Members of the Amaryllidaceae family, daffodils (Narcissus) represent a group of very popular, early flowering spring bulbs (April/early May).
There are some 70 species and sub-species, natural hybrids and thousands of cultivars. The flowers are predominantly white or yellow. Daffodils are separated into 11 horticultural divisions based on their different flower forms.
Horticultural divisions of daffodils
- Trumpet daffodils
Trumpet daffodils are traditional daffodils with one flower per stem. The corona (trumpet) is as long as or longer than the perianth segments.
- Large-cupped daffodils
Large-cupped daffodils with one good-sized flower per stem. The corona has a large cup shape.
- Small-cupped daffodils
Small-cupped daffodils with one flower per stem and a cup whose length is no more than one-third the length of the surrounding petals.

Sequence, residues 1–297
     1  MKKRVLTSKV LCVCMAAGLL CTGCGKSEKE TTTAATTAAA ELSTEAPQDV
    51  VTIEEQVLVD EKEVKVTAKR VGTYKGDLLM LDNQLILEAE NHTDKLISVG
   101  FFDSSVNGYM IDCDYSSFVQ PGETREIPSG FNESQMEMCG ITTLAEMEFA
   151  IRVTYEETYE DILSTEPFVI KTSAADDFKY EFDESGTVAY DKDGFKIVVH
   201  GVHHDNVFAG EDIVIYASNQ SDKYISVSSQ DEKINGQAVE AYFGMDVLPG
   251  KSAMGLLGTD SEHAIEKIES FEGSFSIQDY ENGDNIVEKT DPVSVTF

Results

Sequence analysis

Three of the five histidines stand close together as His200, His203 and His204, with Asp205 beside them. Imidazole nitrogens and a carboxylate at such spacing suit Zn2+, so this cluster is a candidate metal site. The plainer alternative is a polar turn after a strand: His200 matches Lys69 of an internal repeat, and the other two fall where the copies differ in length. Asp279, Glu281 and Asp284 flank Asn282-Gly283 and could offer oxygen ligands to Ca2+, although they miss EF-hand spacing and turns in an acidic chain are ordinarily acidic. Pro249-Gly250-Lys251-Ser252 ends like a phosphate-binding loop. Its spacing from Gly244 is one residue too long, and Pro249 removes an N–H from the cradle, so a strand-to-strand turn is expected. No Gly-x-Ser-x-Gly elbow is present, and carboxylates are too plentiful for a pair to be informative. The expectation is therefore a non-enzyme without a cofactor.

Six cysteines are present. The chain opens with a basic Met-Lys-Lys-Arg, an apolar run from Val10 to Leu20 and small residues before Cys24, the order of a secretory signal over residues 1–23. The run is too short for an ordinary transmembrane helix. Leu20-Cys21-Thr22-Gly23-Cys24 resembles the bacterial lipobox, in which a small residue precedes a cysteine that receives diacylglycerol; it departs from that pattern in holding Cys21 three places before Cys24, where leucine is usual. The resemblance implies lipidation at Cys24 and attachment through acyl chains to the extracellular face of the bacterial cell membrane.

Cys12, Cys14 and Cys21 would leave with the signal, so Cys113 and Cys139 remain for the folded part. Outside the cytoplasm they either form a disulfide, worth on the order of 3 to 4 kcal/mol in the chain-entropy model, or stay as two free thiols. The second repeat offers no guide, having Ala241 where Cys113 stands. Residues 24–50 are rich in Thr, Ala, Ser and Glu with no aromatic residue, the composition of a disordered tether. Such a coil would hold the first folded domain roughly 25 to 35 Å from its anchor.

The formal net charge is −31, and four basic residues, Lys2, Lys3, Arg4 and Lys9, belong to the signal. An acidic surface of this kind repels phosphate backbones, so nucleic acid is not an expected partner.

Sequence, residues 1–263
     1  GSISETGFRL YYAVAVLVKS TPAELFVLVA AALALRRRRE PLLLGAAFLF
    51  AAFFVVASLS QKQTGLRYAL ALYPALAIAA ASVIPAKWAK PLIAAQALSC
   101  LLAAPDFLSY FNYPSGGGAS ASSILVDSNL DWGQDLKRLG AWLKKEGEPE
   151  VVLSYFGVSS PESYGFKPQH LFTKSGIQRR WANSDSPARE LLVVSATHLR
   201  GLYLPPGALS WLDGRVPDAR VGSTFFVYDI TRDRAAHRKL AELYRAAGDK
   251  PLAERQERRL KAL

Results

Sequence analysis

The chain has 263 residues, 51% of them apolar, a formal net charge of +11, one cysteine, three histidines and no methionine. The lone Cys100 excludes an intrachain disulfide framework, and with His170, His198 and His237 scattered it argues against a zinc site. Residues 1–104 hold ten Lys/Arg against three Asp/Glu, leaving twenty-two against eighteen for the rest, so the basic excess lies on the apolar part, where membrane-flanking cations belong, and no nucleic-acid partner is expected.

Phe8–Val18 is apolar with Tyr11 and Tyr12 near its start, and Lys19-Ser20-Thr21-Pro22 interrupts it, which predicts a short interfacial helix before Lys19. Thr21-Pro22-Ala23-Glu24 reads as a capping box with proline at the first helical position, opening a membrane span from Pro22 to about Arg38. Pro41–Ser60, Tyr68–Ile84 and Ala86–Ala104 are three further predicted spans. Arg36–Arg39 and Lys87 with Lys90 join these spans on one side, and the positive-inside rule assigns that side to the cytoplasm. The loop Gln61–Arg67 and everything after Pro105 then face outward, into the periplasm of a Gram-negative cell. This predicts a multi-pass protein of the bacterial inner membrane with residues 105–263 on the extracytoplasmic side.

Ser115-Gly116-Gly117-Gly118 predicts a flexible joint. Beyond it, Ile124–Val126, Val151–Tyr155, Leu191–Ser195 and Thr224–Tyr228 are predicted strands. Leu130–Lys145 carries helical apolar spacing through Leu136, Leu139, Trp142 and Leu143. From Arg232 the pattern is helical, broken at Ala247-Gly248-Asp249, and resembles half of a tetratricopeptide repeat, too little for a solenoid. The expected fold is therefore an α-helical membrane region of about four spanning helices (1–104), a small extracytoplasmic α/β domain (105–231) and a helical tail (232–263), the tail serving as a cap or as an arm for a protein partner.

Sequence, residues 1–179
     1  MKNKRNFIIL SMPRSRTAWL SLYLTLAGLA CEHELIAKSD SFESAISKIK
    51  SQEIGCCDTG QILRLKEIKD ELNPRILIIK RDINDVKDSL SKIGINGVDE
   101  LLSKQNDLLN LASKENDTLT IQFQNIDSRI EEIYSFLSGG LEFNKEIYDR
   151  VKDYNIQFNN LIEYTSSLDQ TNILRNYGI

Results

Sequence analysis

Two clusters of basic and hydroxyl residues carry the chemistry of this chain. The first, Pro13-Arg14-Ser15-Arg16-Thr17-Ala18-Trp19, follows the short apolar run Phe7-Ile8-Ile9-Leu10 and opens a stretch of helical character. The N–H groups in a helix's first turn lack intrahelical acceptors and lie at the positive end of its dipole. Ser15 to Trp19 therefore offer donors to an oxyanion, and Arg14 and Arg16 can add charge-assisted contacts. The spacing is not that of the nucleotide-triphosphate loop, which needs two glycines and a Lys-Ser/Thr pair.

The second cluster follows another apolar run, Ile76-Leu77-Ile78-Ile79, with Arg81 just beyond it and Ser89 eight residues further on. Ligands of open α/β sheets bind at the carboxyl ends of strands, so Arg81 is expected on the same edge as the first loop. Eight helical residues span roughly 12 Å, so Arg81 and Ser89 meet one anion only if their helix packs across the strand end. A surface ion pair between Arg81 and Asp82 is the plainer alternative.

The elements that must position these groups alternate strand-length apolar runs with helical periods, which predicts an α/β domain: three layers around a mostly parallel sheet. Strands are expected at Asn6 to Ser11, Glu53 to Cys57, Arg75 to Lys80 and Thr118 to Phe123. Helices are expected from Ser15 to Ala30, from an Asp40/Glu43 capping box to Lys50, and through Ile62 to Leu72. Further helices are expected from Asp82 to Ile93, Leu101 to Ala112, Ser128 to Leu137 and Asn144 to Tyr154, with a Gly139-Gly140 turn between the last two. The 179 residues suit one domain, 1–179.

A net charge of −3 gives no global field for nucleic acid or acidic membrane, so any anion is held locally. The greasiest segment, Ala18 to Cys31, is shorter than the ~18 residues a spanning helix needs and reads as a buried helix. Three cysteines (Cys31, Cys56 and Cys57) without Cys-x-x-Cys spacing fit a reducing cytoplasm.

- Double daffodils
As the name suggests, these daffodils have double flowers,
- Triandrus daffodils
Triandrus hybrids are short and usually bear two or more nodding flowers per stem; as well, the petals are reflexed.
- Cyclamineus daffodils
Cyclamineus hybrids resemble cyclamens, for which the division is named. The plants are short; the nodding flowers have a long, slender and fringed corona (trumpet) and reflexed petals. This group tolerates moist soil better than any other group.
- Jonquilla daffodils
Jonquilla hybrids (or jonquils) have narrow leaves and several fragrant flowers per stem. The corona (cup) is wider than it is long.
- Tazetta daffodils
Tazetta cultivars have the characteristics of the N. tazetta species: the strong-scented flowers grow in clusters. Some have single flowers, other have double flowers. They are very good for indoor forcing and cut flowers.
- Poeticus daffodils
Poeticus (Poet’s) daffodils have one flower per stem with a shallow corona (cup) and are mid- to late-blooming.
- Wild species and hybrids
This division contains all the “wild” species and hybrids that do not fit in any other division.
- Miscellaneous daffodils
These are daffodils that do not fit in any other division.
Based on an article by Francine Joly and Lise Lacouture in Quatre-Temps magazine, Vol. 23, No.1.